The newsstands and the grocery store / Rite Aid spinner racks, the vehicles for my physical discovery of the medium – not necessarily the characters – and for most kids of my generation and the generations previous, are a relic of the past. Sure, you may see the odd one at a grocery store, but the contents of most are untouched, lost in the entertainment shuffle to the bright screen in one’s hand; at best, the spinner rack selection might pique the curiosity of shoppers bored to tears with the selection of beef tips and cream cheese.

Where are the Spinner Racks and newsstands now? According to a survey conducted by Common Sense Media,

“among families with children eight and under, there has been a five-fold increase in ownership of tablet devices, such as iPads, from 8% of all families in 2011 to 40% in 2013.”[3]

The study goes on to find that,

“the percentage of all children with access to some type of ‘smart’ device at home (e.g. Smartphone, tablet) has jumped from half (52%) to three quarters (75%) in just two years.”[4]

As their ubiquity increases, tablets and smartphones have the potential to be the new Spinner Racks. They have the potential to be as powerful a vehicle for discovery as corner newsstands were in the cities of the Golden Age and the Spinner Racks born in the suburban flight of the 1950s. But why haven’t we seen that push, that, pardon the Gladwellian term, that tipping point, with digital comics and comics delivered digitally? If my grandmother was tickled pink to buy me a comic along with her Metamucil and Peeps, what’s stopping a parent from letting their kid purchase a comic when they buy the latest app they never use?

I see four ways.


Price & Discoverability


The idea of charging the same amount for print as digital is asinine. An “issue”–a term I use very loosely now–of a digital comic should cost no more than a song on iTunes. At best, ten cents, adjusted for inflation is $1.99; let’s not forget that those 10-cent comics were almost always 64 pages.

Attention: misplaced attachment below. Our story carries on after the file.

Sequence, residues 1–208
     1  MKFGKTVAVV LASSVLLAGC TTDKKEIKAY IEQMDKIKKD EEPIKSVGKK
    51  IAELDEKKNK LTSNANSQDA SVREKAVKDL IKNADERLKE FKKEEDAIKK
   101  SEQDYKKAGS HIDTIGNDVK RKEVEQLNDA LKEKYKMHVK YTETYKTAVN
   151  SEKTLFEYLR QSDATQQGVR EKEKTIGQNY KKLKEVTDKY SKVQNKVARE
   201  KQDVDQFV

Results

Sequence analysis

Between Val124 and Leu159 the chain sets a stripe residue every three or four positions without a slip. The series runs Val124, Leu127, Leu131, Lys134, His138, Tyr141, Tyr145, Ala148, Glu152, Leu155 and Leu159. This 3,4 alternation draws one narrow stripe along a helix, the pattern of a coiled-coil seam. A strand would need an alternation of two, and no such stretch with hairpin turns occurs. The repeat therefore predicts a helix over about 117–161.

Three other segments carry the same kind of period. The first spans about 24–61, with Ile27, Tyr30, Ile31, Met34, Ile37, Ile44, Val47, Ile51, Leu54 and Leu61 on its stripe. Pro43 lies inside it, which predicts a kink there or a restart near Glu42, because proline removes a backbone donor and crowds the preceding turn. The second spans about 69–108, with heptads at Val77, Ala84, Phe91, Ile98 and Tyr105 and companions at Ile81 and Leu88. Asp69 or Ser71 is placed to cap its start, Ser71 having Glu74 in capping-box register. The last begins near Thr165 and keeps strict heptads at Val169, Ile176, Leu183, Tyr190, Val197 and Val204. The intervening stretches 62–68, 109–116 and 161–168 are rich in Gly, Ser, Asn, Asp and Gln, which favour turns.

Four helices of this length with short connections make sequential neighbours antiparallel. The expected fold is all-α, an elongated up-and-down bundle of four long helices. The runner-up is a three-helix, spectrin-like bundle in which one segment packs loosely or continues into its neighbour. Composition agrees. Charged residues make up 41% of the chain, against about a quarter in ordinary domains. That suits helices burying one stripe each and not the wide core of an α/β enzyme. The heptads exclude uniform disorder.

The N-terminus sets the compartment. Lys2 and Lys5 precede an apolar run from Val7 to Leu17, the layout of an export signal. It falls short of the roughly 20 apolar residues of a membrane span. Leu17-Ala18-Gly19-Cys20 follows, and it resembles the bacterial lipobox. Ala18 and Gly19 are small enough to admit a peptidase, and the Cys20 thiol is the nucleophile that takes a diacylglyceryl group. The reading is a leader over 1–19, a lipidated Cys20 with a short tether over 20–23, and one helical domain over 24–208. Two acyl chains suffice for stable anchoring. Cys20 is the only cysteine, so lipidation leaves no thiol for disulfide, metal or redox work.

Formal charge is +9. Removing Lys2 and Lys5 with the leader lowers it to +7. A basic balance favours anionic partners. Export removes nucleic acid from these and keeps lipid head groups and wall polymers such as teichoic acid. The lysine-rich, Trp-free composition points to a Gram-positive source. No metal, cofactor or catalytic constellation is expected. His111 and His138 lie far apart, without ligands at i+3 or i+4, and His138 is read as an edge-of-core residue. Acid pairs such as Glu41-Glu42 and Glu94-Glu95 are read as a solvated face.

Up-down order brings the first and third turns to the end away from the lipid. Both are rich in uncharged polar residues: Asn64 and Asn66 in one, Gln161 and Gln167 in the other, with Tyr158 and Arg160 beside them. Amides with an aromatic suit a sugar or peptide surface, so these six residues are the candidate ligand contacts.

With print comics, the page count and paper quality is often the deciding factor in determining a price point. With digital comics, paper quality is irrelevant and page count can be irrelevant. The main transactional currency with digital reading is the time it takes to consume the product, not the number of pages. Examples of this can be found with Medium’s “two minute read” demarcation on new posts and Madefire’s time-based consumption of their motion-comics / digital comics hybrids; Amazon’s Kindle tracks amount of time left in each book. Let me be clear: I neither condone nor decry this “innovation,” I simply state for the purposes of this pondering that “it exists.”

Purchasing a comic on a spinner rack in the days of yore was not a designed purchase. It wasn’t my intention when I went with my grandmother to purchase Peeps and Metamucil to come out with a comic book. I was drawn to the comic book through my own wanderings in a controlled environment on a trip to purchase something else. In short, the guiding beacon of a digital comics purchase has to be the same trigger as in the Rite Aid: there has to be some base appeal, be it covers, content, or the sheer cool factor.

To purchase comics direct from an app designed to sell comics is more akin to the comic shop experience. While this is an invaluable experience, it’s also one where the intent is to purchase comics, not to be invited to purchase through their appearance in everyday life. I’ve often said that the best and most exciting transmedia experiences come from technology already at use in our everyday lives–in other words, expecting someone who doesn’t play video games to go buy a console to get an integral part of your story from the film is counterproductive. The discovery of digital comics should be no different.